Theodore Roethke

Theodore
Roethke
1908
1963

American Poet, Awarded Pulitzer Prize for Poetry

Author Quotes

All lovers live by longing, and endure: summon a vision and declare it pure.

How body from spirit slowly does unwind, until we are pure spirit at the end.

I remember how they picked me up, a spindly kid, pinching and poking my thin ribs till I lay in their laps, laughing, weak as a whiffed.

Love begets love. This torment is my joy.

Some have held the eye to be the instrument of lechery, more furtive than the hand in low and vicious venery-not so! Its rape is gentle, never more violent than a metaphor.

Time marks us while we are marking time.

An old man with his feet before the fire, in robes of green, in garments of adieu.

How terrible the need for God.

I remember the neckcurls, limp and damp as tendrils; and her quick look, a sidelong pickerel smile; and how, once startled into talk, the light syllables leaped for her.

Love is not love until love's vulnerable. She slowed to sigh, in that long interval.

The body and the soul know how to play in that dark world where gods have lost their way.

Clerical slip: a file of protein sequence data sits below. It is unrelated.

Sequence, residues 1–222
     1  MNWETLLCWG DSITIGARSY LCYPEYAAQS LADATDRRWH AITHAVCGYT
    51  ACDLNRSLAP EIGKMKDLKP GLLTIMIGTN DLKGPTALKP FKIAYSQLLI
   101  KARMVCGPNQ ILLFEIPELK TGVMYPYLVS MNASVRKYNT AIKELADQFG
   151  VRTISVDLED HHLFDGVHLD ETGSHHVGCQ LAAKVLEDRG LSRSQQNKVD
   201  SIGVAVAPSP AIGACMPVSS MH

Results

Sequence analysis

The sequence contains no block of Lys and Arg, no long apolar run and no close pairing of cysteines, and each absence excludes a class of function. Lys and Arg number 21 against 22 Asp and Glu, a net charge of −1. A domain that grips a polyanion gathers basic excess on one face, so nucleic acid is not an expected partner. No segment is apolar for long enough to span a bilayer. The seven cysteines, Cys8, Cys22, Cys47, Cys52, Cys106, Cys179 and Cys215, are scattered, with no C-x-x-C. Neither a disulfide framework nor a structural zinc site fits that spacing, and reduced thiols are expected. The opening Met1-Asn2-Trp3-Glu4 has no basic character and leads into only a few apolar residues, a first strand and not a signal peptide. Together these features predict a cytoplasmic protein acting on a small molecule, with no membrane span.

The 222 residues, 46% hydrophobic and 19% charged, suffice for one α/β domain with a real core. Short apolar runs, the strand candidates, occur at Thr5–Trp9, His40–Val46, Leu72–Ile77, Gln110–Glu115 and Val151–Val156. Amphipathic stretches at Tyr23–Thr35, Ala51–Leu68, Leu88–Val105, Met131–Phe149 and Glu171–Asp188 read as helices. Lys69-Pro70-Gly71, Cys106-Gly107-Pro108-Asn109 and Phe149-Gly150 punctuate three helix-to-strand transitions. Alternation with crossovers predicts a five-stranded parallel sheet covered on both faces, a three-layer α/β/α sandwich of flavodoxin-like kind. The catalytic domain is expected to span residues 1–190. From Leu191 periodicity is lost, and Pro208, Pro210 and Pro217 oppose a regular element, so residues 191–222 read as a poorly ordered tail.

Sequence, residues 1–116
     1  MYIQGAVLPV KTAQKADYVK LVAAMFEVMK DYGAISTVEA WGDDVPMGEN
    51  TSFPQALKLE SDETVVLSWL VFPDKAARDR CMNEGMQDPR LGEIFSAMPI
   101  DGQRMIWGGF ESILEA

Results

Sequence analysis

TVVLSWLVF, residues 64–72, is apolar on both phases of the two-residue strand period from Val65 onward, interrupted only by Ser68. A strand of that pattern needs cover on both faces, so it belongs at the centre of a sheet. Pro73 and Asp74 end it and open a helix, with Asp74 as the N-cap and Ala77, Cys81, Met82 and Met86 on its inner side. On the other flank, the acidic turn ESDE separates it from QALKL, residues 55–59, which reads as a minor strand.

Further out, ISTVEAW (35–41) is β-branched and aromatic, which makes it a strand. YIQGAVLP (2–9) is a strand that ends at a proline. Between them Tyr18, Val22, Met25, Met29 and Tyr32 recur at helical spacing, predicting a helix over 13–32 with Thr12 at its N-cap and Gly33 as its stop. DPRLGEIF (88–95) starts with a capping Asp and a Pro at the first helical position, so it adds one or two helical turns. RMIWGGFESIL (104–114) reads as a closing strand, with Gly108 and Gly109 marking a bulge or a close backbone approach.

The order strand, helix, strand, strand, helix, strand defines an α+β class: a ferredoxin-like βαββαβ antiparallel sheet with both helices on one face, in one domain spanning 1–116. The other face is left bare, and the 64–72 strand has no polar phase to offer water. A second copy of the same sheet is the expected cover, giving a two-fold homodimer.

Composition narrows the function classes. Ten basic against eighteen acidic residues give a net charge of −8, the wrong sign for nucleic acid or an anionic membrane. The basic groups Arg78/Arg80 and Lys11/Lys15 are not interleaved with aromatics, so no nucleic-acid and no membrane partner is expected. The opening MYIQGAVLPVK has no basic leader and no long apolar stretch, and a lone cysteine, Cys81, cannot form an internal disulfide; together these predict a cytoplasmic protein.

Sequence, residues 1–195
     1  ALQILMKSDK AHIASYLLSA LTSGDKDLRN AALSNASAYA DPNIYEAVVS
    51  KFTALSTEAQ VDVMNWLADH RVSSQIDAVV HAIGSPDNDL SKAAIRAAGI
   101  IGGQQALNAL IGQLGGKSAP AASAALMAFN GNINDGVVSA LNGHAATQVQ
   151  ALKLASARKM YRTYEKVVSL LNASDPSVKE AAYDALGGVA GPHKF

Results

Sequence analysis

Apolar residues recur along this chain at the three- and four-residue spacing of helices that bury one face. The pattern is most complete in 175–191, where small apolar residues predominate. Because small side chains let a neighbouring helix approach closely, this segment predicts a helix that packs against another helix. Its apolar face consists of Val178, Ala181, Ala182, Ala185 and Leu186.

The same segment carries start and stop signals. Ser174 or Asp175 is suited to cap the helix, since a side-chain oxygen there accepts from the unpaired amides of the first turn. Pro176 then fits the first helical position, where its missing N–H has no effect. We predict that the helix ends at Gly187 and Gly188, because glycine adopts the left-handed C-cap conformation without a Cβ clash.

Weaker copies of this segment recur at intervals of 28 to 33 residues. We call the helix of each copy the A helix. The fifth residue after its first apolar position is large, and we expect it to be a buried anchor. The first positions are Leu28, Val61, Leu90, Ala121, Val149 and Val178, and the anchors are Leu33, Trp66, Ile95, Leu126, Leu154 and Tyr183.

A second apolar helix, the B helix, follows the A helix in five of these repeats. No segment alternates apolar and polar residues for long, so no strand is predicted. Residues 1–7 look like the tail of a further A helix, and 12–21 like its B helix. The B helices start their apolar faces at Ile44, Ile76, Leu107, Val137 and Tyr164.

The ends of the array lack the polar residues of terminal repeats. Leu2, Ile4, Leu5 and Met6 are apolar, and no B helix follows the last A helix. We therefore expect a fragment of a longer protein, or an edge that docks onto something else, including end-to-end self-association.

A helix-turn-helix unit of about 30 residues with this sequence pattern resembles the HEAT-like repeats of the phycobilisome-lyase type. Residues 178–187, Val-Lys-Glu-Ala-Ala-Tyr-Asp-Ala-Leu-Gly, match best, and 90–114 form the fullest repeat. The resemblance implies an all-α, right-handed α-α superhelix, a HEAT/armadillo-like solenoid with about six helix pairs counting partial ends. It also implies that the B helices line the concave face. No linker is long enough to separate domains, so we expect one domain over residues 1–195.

Water's my will, and my way, and the spirit runs, intermittently, in and out of the small waves,

And everything comes to One, As we dance on, dance on, dance on.

I am renewed by death, thought of my death, the dry scent of a dying garden in September, the wind fanning the ash of a low fire. What I love is near at hand, always, in earth and air.

I suffered for birds, for young rabbits caught in the mower, my grief was not excessive. For to come upon warblers in early May was to forget time and death:

May my silences become more accurate.

The darkness has its own light.

We think by feeling. What is there to know?

And I have seen dust from the walls of institutions, finer than flour, alive, more dangerous than silica, sift, almost invisible, through long afternoons of tedium.

I came to love, I came into my own.

I swear she cast a shadow white as stone. But who would count eternity in days? These old bones live to learn her wanton ways: (I measure time by how a body sways.)

May you live out your life without hate, without grief and your hair ever blaze, in the sun, in the sun, when I am undone, when I am no one.

The fields stretch out in long unbroken rows. We walk aware of what is far and close. Here distance is familiar as a friend. The feud we kept with space comes to an end.

What falls away is always. And is near.

And what a congress of stinks!- Roots ripe as old bait, Pulpy stems, rank, silo-rich, Leaf mold, manure, lime, piled against slippery planks, Nothing would give up life: Even the dirt kept breathing a small breath.

Author Picture
First Name
Theodore
Last Name
Roethke
Birth Date
1908
Death Date
1963
Bio

American Poet, Awarded Pulitzer Prize for Poetry